It’s Not A Job Order Until You Get These 7 Commitments

Nov 4, 2014

The Seven Commitments are important in gauging how “hot” a job order is. You need to verify the commitments in every conversation, using various different approaches. If you don’t have all the commitments, it does not mean you should not work the job order, it means you should figure out how to get the client commitment.

1. Hiring manager contact

Only the hiring manager has an emotional investment and feels a sense of urgency to get results. Second-hand information makes it impossible for you to impact the decision-maker and quality is compromised by inaccurate information. Providing a quality service and your ability to close depend on hiring manager contact.

2. Take and return our phone calls

Only contact by phone allows you to maintain urgency and have impact on the process.  You can’t effectively influence and impact via email.  We need to use our sales skills, which can only happen when we talk to the client directly. Email is an important tool but now is not the time for it.

3. Interview our people

If they don’t interview, they can’t hire.  Not “read resumes,” interview. You pre-screen — they interview. The goal is to build relationships that result in you becoming their staffing partner  rather than their resume sourcer or buzzword matcher. This will take multiple conversations (see above!).  You may have to prove your competence in pre-screening.  Once you have proved yourself, ask again for block times, a working interview or an EIO (Employer In Office).

4. Feedback after interviews

If you don’t prepare hiring managers in advance to give you feedback, you just won’t get it.  If they like your candidate they will call and say “What’s the bill rate?” if not, you will never hear from them again. “The client liked his skills but he wasn’t a personality fit” is not feedback. We don’t know what it means or how to use it.  Feedback is information that we not only get, we use. The leverage we use to motivate a decision or to take the action of getting another candidate comes from useful, specific, detailed feedback.

5. Start date

You can only “work the hot stuff first” if you are able to accurately identify what is really hot as opposed to what seems hot. You owe your colleagues and yourself the opportunity to make a placement that can only come from diligently asking probing questions to ascertain how high a priority this job really is, and part of that is knowing what the start date is.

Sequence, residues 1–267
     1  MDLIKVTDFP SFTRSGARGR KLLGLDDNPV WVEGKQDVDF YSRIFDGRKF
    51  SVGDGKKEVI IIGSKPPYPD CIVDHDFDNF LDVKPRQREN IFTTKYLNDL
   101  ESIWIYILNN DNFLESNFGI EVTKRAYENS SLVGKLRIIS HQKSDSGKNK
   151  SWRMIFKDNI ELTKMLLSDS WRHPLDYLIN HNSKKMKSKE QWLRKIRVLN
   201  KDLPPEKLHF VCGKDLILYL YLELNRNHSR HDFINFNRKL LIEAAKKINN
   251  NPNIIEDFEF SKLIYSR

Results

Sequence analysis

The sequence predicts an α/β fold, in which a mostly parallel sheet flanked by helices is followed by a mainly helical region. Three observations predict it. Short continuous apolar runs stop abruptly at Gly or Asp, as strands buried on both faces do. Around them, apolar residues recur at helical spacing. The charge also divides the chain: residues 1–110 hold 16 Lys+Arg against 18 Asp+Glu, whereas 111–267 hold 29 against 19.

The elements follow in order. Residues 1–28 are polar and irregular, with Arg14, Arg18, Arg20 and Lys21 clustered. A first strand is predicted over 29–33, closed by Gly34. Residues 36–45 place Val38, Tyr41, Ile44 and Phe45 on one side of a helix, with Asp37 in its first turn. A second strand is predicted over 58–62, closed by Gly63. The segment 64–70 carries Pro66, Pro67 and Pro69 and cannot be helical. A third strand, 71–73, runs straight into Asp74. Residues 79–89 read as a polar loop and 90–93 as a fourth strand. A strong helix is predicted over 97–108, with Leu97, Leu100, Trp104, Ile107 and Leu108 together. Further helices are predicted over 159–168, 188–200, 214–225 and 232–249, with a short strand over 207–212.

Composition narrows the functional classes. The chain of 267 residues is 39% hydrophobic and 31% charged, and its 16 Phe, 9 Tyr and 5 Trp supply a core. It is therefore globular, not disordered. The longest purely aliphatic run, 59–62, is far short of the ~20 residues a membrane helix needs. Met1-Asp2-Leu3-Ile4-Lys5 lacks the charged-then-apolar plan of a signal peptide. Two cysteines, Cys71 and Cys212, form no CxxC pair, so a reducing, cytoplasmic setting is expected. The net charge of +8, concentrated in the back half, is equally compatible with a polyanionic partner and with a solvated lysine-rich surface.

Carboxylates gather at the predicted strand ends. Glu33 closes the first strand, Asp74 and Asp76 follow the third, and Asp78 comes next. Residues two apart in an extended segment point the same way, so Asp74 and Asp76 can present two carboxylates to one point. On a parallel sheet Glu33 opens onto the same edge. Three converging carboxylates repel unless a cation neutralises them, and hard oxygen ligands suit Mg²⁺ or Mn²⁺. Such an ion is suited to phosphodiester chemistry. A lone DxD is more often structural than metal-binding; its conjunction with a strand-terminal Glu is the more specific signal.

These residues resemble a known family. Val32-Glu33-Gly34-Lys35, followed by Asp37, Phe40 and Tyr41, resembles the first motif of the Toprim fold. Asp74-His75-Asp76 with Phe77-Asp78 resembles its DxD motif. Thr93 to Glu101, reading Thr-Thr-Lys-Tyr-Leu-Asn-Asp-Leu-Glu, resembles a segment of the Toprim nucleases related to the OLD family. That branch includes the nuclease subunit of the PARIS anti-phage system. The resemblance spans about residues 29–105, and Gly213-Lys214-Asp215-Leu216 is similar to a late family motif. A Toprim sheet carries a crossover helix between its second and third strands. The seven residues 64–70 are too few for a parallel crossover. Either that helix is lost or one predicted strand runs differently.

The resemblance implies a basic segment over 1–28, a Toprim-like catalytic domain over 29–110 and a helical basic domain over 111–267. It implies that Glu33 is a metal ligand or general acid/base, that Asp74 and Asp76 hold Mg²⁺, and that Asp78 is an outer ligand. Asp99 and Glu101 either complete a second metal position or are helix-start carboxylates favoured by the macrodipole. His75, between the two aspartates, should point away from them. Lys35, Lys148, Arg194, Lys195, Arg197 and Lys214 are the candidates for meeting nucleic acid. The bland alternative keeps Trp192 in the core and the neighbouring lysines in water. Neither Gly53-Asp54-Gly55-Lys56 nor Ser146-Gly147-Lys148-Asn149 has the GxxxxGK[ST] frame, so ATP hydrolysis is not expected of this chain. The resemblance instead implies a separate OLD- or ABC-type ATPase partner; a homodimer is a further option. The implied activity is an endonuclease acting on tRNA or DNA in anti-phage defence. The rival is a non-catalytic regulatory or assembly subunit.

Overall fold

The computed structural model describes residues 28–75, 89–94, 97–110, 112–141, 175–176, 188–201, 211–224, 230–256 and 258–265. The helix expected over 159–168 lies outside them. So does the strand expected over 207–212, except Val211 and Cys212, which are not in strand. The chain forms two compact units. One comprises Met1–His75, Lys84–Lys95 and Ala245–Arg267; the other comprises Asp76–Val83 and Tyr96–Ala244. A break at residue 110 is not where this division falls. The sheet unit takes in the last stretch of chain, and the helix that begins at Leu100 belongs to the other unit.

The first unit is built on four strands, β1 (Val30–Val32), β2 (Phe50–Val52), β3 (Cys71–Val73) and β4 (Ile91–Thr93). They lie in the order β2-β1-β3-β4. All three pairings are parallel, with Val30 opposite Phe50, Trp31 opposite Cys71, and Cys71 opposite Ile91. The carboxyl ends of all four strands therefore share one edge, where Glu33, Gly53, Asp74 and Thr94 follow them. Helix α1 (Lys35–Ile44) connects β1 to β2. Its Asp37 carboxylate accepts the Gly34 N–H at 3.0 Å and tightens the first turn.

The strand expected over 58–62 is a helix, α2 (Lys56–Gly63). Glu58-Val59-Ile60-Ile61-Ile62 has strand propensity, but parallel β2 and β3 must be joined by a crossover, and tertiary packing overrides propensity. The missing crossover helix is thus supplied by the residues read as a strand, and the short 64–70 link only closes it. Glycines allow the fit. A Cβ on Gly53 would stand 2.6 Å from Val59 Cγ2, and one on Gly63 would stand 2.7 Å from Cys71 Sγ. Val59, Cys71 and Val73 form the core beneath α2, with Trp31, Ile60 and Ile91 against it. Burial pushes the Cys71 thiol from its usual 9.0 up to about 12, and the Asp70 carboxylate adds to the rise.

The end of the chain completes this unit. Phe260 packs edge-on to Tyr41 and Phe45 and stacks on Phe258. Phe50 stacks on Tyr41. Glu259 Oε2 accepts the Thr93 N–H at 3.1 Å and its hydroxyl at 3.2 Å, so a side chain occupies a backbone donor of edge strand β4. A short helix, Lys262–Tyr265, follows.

(HINT: If the start date is flexible, if the client can wait a long time to bring a consultant in, then this is probably NOT a priority for the client!)

“ASAP” or “yesterday” are not a start date.  That’s like answering the question “What time do you start work?” with “Morning.”  There is a big difference between having an “8:15 a.m.” deadline to get to work and arriving in the “morning.” You need a specific, agreed upon, target start date that acts as a goal or a deadline.

6. Pricing

You can’t hide from the bill rate (or the placement fee); you need to address them before working on the job order. We will tell the client what the bill rate is, but we want to find out if they have a specific budget that would require us to rule out the most expensive (and highest skilled) applicants. A commitment to pricing means actual numbers, not “I’ll pay market price.”  Of course they will, but their idea of what market price means may be off. Talk concrete numbers. If you can’t say with authority “the client can pay <this amount> but will not go higher than <this amount>,” you don’t have a commitment to pricing.

Don’t forget, it is a company budget, not their personal cash. Managers spend every cent allotted to them. They can’t save or invest it or apply it to next year’s budget. If they don’t use it all, the company cuts the manager’s budget next year. That doesn’t mean the manager will make a bad deal, but if you do your job of selling and showing the company the value, they’ll pay for it.

7. Timely process

The entire process, from identifying a viable candidate to the actual start of the assignment,  should flow smoothly in an organized and reasonable time frame. You do not want to work hard only to have the best applicant accept another offer because the client’s process is too long and drawn out. Remember: Time kills all deals!

In every conversation, get a commitment to moving to the next step. In some cases, the next step will be, “This applicant is out.” That is preferable to “keep him warm” or “maybe” or a stalling of the process. We are hoping for a “yes” decision, but what we need is a decision — yes or no. A “no” just means that you clear the way for a “yes” on another candidate.

If you have all seven of these commitments from your client then you have a committed order. You have something that you can confidently present to the recruiting team and, coupled with a strong job description garnered through skillful questioning, something that enables you to create a powerful sales story, something the recruiting team has a strong likelihood of filling.

If you lack any of these commitments then evaluate, with the guidance of your management team, how to proceed with (and prioritize) this order. If you have any questions, or would like more information on this topic, don’t hesitate to reach out for more detail.

Happy selling!

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